Ukraine accused Russia on Tuesday of blocking a convoy trying to take supplies to the besieged city of Mariupol, where the Red Cross said desperate families were being “suffocated” as food and water ran out.

Deputy Prime Minister Iryna Vereshchuk said hundreds of civilians managed to leave Mariupol in cars for the second successive day, but the aid convoy trying to reach the port city was stuck at nearby Berdyansk as Russian shelling continued.

“Our side ensures a complete ceasefire,” she said. “Russia, as usual, is cynically lying, thinking that people and the world do not see it and do not understand.”

Russia did not immediately comment on the situation around Mariupol. It denies targeting civilians and has blamed Ukraine for the repeated failure to establish safe passage for civilians and humanitarian convoys since it invaded Ukraine on Feb. 24.

Mariupol residents have been without heating, electricity and running water for most of the past two weeks, and at least 200,000 are in urgent need of evacuation, according to official Ukrainian estimates.

Vereshchuk said the majority of residents do not have cars, so there was a need for buses to reach the city in convoys so that they can be evacuated.

Residents are “essentially being suffocated in this city now with no aid,” Ewan Watson, spokesperson for the International Committee of the Red Cross (ICRC), told a U.N. briefing in Geneva.

The ICRC said on Twitter that “tens of thousands of families are living under the constant threat of danger” in Mariupol.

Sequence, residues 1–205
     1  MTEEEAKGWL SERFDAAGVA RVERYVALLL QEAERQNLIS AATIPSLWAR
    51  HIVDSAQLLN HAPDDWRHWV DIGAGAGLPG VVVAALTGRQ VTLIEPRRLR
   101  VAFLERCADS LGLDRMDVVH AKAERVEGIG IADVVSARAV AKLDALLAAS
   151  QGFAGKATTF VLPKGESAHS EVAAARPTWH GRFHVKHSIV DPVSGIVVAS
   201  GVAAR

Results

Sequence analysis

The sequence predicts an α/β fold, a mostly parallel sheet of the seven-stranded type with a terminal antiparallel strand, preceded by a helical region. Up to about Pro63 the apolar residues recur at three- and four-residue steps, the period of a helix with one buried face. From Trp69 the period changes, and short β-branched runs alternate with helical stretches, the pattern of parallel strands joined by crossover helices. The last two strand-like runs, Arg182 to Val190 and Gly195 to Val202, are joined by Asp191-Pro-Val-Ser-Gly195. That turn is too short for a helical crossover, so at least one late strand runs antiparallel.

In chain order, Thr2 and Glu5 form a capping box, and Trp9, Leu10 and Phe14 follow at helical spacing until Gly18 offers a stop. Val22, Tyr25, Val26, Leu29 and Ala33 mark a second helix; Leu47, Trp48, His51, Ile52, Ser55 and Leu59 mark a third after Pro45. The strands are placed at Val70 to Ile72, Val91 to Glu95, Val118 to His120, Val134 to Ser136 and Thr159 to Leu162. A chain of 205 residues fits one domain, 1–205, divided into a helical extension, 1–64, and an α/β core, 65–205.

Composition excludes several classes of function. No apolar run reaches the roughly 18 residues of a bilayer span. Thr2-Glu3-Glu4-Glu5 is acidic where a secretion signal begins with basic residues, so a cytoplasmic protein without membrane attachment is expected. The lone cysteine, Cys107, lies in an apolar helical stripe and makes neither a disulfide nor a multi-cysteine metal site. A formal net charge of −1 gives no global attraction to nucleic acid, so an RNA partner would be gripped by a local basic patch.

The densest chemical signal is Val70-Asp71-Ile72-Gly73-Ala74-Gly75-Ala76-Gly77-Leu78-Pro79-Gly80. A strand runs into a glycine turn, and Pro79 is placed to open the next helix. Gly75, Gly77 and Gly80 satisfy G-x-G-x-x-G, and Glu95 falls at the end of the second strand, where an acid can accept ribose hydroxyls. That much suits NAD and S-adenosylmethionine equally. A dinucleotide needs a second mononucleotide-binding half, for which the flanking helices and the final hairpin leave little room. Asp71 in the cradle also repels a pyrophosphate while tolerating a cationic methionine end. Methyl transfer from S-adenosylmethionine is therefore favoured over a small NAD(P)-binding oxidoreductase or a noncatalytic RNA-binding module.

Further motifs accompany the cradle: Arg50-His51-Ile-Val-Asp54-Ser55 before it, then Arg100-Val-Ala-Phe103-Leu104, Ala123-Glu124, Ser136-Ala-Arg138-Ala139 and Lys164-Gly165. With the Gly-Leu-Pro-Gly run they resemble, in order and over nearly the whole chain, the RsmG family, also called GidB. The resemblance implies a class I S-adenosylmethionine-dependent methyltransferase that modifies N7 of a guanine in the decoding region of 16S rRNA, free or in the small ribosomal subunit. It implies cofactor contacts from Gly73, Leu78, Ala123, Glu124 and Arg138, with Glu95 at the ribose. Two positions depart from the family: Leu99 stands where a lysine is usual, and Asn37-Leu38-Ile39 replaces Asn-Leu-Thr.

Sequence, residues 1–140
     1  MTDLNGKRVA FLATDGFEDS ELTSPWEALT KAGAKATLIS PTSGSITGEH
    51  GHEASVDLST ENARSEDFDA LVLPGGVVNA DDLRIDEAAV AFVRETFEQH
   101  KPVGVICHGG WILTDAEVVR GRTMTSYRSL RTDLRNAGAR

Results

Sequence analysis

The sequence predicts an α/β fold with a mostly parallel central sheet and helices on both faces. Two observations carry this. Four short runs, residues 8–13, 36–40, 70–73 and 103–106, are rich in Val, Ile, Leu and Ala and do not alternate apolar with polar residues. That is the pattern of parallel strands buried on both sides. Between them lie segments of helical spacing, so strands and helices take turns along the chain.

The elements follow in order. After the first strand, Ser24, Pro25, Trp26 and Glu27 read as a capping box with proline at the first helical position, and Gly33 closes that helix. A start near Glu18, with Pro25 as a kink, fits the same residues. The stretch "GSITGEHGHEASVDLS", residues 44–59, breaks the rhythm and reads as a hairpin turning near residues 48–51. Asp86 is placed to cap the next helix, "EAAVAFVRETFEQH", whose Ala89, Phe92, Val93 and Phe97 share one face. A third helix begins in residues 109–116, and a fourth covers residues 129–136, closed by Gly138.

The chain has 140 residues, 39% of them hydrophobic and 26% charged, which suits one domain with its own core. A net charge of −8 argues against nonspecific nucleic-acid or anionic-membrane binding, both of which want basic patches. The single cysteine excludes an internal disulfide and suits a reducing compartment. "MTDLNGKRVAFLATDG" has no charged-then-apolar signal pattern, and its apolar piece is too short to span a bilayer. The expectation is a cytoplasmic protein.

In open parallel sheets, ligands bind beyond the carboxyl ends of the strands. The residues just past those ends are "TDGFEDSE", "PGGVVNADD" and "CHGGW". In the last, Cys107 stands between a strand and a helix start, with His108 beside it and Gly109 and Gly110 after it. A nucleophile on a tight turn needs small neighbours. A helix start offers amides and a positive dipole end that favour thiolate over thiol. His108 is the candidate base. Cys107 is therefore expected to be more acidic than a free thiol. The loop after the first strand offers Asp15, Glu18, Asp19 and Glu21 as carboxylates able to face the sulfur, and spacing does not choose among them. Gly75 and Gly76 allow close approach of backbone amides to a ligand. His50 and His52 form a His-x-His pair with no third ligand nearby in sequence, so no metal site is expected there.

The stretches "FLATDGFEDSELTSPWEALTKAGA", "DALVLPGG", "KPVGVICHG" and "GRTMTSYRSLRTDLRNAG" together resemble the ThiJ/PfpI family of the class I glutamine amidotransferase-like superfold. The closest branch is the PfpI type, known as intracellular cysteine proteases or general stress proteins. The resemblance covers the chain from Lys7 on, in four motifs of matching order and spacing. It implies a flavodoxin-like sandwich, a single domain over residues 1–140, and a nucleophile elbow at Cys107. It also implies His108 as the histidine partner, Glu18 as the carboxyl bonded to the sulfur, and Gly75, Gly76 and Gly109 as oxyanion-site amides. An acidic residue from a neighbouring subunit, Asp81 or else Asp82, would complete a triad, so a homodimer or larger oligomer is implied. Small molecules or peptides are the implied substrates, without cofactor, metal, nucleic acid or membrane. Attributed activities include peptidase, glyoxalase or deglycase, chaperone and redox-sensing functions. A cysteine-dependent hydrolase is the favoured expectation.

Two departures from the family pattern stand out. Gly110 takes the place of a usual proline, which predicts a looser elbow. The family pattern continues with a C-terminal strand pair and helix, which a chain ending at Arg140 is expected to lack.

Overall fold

“They’re huddled in whatever shelter they can find. They have limited food and water. They’re terrified,” it said.

Russian forces agreed on Monday to allow the creation of a humanitarian corridor out of Mariupol. The first evacuation convoy then left, after more than a week of failed attempts to do so, but Ukrainian officials were unable to deliver any aid.

About 300 civilians had by Tuesday morning reached the city of Zaporizhzhia, about 225 km (140 miles) from Mariupol, the Mariupol city council said.

By early afternoon on Tuesday, about 2,000 cars had left Mariupol and a further 2,000 were waiting to leave, it said.

More than 2,500 Mariupol residents have been killed since the Russian invasion, a Ukrainian official said on Monday. Reuters was unable to verify the toll.

Officials in Moscow describe Russia’s offensive in Ukraine as a special military operation to disarm the country and prevent “genocide” against Russian-speakers, a justification dismissed by Ukraine and the West as a false and illegal pretext for an invasion of a democratic country.